Re-Order Re-Order

Chat Support
Monday to Saturday


Thoracic Aortic Aneurysm

A thoracic aortic aneurysm (TAA) is a life-threatening condition. It is characterized by an abnormal bulging that develops in the part of your aorta that extends through your chest.

It is also known as a thoracic aortic aneurysm, and it can form anywhere along your aorta, but most commonly in the ascending aorta or the descending aorta.

A thoracic aortic aneurysm can be described as an expansion, ballooning, or widening of your aorta, which disrupts its normal, tube-like shape. An enlarged segment of your aorta is considered an aneurysm if it is at least 50% wider than the normal aortic diameter.

Types of Thoracic Aortic Aneurysm

  • Ascending aortic aneurysm: This type affects the part of the aorta that curves upward from the heart.
  • Descending aortic aneurysm: This type affects the part of the aorta that extends downward through the chest.
  • Aortic arch aneurysm: This type affects the curved part at the top of the aorta, which resembles the handle of a cane.

Causes of Thoracic Aortic Aneurysm

Several factors can contribute to the development of this condition, including:

  • Atherosclerosis: Plaque buildup in the aorta’s walls weakens the aorta’s walls over time, making aneurysms more likely to develop.
  • High blood pressure: Chronic high blood pressure can damage and weaken the aorta’s walls, making them more susceptible to aneurysms.
  • Infections: Bacterial or fungal infections can cause inflammation and weakening of the aorta’s walls, leading to aneurysms.
  • Trauma: Trauma to the chest, such as a car accident, can cause damage to the aorta and lead to aneurysms.
  • Genetic factors: Certain genetic conditions, such as Marfan syndrome, Ehlers-Danlos syndrome, and Turner syndrome, can weaken the aorta’s walls and make them more susceptible to aneurysms.

Symptoms of Thoracic Aortic Aneurysm

Many people with thoracic aortic aneurysms have no symptoms until the aneurysm causes a medical emergency. 

Possible warning signs include:

·       chest or back pain

·       pain in your jaw, chest, neck, or upper back

·       coughing or hoarseness

·       difficulty swallowing

·       shortness of breath

Symptoms of a ruptured aneurysm include:

·       sudden, severe chest or back pain

·       difficulty breathing, rapid heart rate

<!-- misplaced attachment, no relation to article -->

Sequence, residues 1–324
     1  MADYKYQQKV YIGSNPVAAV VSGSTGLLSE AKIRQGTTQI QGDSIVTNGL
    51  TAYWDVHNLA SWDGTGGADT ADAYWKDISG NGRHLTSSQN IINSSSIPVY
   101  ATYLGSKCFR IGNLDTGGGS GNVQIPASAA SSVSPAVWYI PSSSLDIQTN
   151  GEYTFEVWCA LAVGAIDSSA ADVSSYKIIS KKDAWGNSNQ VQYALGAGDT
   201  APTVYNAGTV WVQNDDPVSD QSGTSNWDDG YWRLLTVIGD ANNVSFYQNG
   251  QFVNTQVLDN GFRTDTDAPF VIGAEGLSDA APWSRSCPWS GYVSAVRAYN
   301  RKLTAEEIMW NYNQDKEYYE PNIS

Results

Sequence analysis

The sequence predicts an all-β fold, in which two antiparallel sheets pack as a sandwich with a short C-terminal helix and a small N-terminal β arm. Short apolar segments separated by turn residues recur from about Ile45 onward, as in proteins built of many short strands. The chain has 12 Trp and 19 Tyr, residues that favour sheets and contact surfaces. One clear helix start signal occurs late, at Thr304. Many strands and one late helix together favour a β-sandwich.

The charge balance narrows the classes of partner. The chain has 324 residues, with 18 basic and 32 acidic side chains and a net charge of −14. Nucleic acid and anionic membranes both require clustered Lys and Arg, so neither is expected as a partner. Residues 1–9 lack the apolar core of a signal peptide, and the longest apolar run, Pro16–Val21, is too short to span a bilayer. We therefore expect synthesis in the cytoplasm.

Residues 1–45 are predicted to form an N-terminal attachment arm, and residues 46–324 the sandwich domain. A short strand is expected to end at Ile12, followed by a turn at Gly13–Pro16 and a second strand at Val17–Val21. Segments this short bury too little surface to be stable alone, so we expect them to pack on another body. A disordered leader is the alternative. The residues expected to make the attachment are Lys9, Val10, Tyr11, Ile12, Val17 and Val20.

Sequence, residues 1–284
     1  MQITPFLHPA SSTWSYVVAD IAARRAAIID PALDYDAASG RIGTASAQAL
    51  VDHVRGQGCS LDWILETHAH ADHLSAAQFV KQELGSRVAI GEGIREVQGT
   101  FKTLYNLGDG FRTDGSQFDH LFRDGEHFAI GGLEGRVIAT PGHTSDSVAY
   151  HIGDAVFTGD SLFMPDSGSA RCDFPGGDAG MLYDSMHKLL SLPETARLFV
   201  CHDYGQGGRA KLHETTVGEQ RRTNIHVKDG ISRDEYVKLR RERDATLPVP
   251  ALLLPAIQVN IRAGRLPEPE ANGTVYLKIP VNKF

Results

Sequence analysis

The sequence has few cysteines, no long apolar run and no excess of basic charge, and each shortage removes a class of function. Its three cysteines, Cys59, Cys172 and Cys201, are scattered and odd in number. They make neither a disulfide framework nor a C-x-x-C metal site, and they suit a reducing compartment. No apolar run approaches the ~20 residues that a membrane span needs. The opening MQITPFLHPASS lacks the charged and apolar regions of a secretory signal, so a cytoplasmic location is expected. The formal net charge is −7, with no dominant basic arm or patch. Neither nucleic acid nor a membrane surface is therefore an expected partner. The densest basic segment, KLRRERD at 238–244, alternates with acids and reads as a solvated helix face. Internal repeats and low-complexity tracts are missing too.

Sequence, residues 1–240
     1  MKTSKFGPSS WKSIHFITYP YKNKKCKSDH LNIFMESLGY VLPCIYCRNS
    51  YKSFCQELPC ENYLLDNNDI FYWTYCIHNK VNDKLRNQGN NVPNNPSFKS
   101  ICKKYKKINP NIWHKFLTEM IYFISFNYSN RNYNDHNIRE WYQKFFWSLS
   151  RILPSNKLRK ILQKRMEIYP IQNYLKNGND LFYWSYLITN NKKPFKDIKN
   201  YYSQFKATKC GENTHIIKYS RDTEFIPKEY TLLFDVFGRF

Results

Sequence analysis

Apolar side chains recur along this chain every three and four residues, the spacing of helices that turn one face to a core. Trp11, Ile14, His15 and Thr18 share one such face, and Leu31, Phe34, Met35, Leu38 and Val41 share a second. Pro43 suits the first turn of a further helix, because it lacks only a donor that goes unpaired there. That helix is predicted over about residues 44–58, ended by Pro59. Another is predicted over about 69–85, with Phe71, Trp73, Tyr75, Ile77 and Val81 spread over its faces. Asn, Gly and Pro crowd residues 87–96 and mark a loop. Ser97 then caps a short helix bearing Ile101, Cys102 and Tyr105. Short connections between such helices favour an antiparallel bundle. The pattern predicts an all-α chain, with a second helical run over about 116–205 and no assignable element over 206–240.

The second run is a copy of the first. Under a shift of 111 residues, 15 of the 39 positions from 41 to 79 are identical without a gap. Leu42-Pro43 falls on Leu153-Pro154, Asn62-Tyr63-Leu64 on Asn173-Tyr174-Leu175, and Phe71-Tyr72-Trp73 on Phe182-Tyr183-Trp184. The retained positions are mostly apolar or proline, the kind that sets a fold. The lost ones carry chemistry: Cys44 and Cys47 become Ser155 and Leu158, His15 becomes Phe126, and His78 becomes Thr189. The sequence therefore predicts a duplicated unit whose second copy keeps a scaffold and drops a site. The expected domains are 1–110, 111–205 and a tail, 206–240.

·       loss of consciousness

·       dizziness

·       vision loss

·       confusion

·       fast heart rate

Risk Factors of Thoracic Aortic Aneurysm

Several factors can increase the risk of developing an aortic aneurysm or experiencing a rupture, including:

  • Age
  • Gender
  • Tobacco Use
  • High Blood Pressure
  • Family History
  • Atherosclerosis
  • Connective Tissue Disorders

Complications of Thoracic Aortic Aneurysm

Tears and rupture of the aorta are primary complications of thoracic aortic aneurysms, with larger aneurysms posing higher rupture risks. While some small aneurysms may not rupture, larger ones increase this risk. Complications may include:

·       life-threatening internal bleeding requiring emergency surgery

·       blood clot formation that could lead to vessel blockage elsewhere

·       stroke

Treatment of Thoracic Aortic Aneurysm

Treatment for thoracic aortic aneurysms depends on several factors.

If the aneurysm is small and not causing any symptoms, doctors may recommend regular monitoring with imaging tests to track its growth. Medications may also be prescribed to manage risk factors such as high blood pressure and high cholesterol.

If the aneurysm is large or causing symptoms, surgery may be necessary. There are two main types of surgery for thoracic aortic aneurysms: 

·       open-chest surgery

·       endovascular surgery

After surgery, patients will need to be closely monitored to ensure that the aneurysm does not recur. Regular imaging tests will be necessary to track the size and shape of the aorta.

Lifestyle changes such as eating a healthy diet, quitting smoking, and getting regular exercise can help reduce the risk of thoracic aortic aneurysms and their complications.

If you have a family history of thoracic aortic aneurysms or other risk factors, it’s important to talk to your doctor about screening and prevention strategies.

Search by Name